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Recent economic and legislative developments in the Philippines point to a unique window of opportunity as regards inbound Foreign Direct Investments (FDI). As with any astute foreign direct investor, there will be a need to wisely structure modes of entry for maximum efficiencies and return on investment.
With a market size of 110 million, which has a median age of 25.71World Economics, as reported by the Philippine Department of Trade and Industry (DTI), the Philippines is home to a pool of 49 million technology savvy and adaptable talent who are proficient in English.
From 2017 to 2021, the Philippines’ annual FDI average grew to USD9.2B, where Singapore was the top FDI source at USD761M. Singapore investments were mostly in telecommunications towers and fiber optics and renewable energy.2As reported by the Bangko Sentral ng Pilipinas and DTI
In 2021, Philippine start-ups raised over $1B in funding, with an increase in deal activity averaging at 15.33 deals per quarter and Fintech and e-commerce startups driving majority of deals, according to the Philippine Venture Capital Report 20223Published by Foxmont Capital Partners and Boston Consulting Group. The pandemic was catalytic towards transforming the Philippine startup ecosystem, with a purported increase in total early-stage funding from $101M to $292M in 20224Startup Genome Global Startup Ecosystem Report 2022, as cited by DTI. Investors on the ground, have likewise given feedback that Philippine valuations are among, if not the most attractive in ASEAN.
In Q2 of 2022, amidst a political regime transition, the Philippines experienced a real GDP growth rate of 7.4%5As reported by the Philippine National Economic Development Authority (NEDA) – the second highest in ASEAN.
The recent passage of landmark legislation transformed the country’s previously protectionist foreign direct investment (“FDI”) economic stance to be more investor friendly. These come in the form of the Corporate Recovery and Tax Incentives for Enterprises (“CREATE”) Law (effective 11 April 2021) and amendments to the Retail Trade Liberalization Act (“RTLA”), Foreign Investments Act (“FIA”) and Public Services Act (“PSA”), which took effect in 2022, respectively on 21 January, 17 March and 9 April.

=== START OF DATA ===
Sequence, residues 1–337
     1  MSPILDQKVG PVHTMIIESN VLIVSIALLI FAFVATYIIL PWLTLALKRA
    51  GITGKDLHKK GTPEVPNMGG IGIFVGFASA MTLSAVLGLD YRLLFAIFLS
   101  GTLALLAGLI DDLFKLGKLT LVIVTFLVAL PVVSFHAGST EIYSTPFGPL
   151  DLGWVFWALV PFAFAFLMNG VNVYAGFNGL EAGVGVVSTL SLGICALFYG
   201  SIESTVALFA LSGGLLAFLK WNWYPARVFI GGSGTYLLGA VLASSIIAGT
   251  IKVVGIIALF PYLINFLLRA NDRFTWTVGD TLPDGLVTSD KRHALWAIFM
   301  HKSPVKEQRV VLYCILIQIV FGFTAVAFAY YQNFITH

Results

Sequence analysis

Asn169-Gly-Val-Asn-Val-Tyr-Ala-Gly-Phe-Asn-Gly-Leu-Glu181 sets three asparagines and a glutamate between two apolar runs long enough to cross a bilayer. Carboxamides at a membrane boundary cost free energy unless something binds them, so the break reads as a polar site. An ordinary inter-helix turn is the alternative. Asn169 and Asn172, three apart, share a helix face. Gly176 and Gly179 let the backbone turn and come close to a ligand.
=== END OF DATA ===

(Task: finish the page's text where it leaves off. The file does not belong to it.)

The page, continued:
The CREATE rationalizes a menu of fiscal incentives, which include a 4 to 7 year Income Tax Holiday, a 5% Special Corporate Income Tax rate based on gross income for a limited period, duty exemption on importation of capital equipment, and VAT exemption on importation and VAT zero-rating on local purchases, as well as enhanced deductions. The President can also grant incentives for up to 40 years if projects are “highly desirable” and have a minimum investment of US$1B or could generate at least 10,000 jobs. Prior to passage of CREATE, the Tax Reform for Acceleration and Inclusion (TRAIN), reduced the corporate income tax rate from 30% for all enterprises to 20% for domestic SMEs, 25% for large domestic corporations and 25% for resident foreign corporations.
The Amended RTLA, subject to reciprocity requirements, now allows foreign retailers to enter the Philippine retail market through physical or online stores with a minimum paid-up capital requirement of USD500,000. For foreign retailers with multiple branches, a USD200,000 minimum investment per store applies. Notably, the previous investment requirement was USD2,500,000.